HOLLYWOOD

Hollywood city manager charged with DUI

 

Blood-alcohol level was significantly higher than the legal limit.

cteproff@MiamiHerald.com

Hollywood City Manager Douglas Hewett was charged with driving under the influence after leaving a gay strip club in Northeast Miami-Dade in the early hours of Easter Sunday.

The April 8 arrest came to light Friday.

However, Hewett — who had been on the job just six weeks when the incident occurred — told his bosses immediately.

“At the time of the incident, I advised each member of the City Commission who expressed their concerns about this serious matter,” Hewett wrote in an e-mail Friday.

According to the Miami-Dade police report, just after 3 a.m. Easter morning an officer saw Hewett enter the left turning lane and then swerve back into his original lane. He was pulled over at 156th Street and Biscayne Boulevard.

“I immediately noticed the defendant had red bloodshot watery eyes, slurred speech and the strong smell of an alcoholic beverage emanating from his breath,” the officer wrote in the report.

According to the report, Hewett, 41, had just left Swinging Richards, a gay strip club in North Miami Beach. The club bills itself as South Florida’s only all male, all nude strip club, according to its website.

Saturday nights — which last until 6 a.m. Sunday — feature an all-dancer review at midnight, the website boasts.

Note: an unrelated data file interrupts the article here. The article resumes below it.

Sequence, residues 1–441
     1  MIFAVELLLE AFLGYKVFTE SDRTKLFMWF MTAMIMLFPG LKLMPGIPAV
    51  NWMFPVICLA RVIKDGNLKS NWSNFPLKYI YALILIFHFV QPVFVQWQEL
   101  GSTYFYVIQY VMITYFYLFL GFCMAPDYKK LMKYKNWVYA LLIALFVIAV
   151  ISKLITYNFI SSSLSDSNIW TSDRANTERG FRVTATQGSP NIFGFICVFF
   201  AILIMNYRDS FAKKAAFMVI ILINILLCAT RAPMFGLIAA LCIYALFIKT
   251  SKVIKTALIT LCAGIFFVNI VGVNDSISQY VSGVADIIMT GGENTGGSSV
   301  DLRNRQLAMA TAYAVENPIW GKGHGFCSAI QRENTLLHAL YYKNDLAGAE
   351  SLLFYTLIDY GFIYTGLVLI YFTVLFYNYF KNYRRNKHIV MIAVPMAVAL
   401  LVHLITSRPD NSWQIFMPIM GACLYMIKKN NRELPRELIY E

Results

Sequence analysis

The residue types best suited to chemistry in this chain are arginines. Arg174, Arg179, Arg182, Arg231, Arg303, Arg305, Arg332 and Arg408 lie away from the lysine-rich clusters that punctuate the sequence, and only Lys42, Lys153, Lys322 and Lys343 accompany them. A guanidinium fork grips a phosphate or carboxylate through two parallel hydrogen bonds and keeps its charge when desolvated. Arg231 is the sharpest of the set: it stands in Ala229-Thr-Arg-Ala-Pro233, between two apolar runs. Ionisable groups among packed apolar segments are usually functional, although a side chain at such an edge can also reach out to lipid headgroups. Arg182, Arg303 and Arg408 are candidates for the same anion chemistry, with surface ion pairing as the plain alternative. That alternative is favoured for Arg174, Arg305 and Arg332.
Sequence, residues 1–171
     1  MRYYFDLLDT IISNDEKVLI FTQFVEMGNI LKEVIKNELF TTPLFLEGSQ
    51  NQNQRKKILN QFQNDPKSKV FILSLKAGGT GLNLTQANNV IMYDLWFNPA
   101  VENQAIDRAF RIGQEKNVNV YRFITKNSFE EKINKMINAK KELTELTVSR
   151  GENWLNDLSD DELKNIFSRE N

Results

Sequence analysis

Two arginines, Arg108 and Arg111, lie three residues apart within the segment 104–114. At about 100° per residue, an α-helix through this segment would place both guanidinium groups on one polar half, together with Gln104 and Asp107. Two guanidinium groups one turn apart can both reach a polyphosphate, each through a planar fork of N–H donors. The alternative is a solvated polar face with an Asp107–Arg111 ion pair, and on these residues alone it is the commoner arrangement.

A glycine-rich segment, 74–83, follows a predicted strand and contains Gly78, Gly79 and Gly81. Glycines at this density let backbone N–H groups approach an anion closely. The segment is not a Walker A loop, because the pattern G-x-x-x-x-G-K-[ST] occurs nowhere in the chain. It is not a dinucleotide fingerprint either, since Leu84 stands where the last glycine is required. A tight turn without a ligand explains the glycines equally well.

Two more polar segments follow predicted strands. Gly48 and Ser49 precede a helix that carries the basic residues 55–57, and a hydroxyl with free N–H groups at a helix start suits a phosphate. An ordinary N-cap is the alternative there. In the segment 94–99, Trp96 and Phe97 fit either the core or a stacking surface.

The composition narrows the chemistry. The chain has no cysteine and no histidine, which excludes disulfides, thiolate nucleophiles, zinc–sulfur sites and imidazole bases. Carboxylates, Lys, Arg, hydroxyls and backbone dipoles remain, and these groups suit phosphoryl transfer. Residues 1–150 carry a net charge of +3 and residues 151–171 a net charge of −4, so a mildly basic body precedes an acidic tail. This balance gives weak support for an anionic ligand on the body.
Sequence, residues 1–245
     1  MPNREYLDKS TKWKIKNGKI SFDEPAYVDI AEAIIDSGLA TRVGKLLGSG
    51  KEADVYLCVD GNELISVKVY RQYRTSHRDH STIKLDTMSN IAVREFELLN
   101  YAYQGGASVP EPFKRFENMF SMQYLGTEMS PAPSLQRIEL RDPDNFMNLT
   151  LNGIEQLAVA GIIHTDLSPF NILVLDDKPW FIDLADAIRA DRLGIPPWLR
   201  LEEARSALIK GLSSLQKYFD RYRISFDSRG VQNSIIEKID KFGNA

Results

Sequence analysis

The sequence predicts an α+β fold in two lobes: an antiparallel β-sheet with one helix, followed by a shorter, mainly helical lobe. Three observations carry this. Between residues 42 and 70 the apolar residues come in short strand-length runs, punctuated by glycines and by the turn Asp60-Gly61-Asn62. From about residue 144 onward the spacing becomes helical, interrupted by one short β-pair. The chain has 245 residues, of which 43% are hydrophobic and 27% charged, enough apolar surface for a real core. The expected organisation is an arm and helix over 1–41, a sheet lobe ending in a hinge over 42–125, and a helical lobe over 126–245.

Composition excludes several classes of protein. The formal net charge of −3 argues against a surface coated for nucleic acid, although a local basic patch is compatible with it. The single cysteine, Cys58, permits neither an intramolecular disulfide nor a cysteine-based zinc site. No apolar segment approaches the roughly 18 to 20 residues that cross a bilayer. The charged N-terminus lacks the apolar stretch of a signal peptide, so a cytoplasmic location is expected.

Hewett told the officer he had drunk two Coors Light beers; two breath samples showed his blood-alcohol level was .145 and .139, significantly higher than the .08 legal limit.

According to city spokesman Jaime Hernandez, Hewett was absent from work April 9 for a personal day.

“Given the nature of this incident, I’ve retained an attorney,” Hewett wrote in his e-mail Friday. “On his advice, I’m unable to discuss the facts of this case at this point. However, I deeply regret how this may negatively reflect on the City of Hollywood. I look forward to resolving this matter and continuing to serve the city.’’

Hewett, who was hired Feb. 27 out of a slate of six finalists, makes $172,000 a year. He came from Fayetteville, N.C. and was lauded by the Hollywood Commission for his energy and fresh ideas.

On Friday, most of the commissioners, while acknowledging they were disappointed in Hewett, said he still had their support.

“I am assuming this is an isolated incident and we should treat it that way,” said Commissioner Dick Blattner, adding that Hewett has done a great job for the city over the last few months.

Commissioner Patricia Asseff said the incident happened on Hewett’s own time and she was going to leave it to the courts to decide his punishment.

“Unfortunately things happen,” she said. “He’s got my support.”

But Commissioner Heidi O’Sheehan acknowledged Friday that she was “gravely concerned about the incident and the delay in discussing it.”

O’Sheehan said she discussed the matter with City Attorney Jeff Sheffel, who advised the commissioner to “let the legal process take its course.”

On Friday, Sheffel confirmed he thought the city should stay out of it.

Questioning Hewett about the arrest could impact his defense, Sheffel said.

“It may impair his ability to have his rights vindicated through the legal system,” he explained.

Mayor Peter Bober, however, said Friday that the commission will need to discuss this at some point at an open meeting.

“I don’t think you can just pretend like this didn’t happen because it calls into question his judgment,” Bober said.

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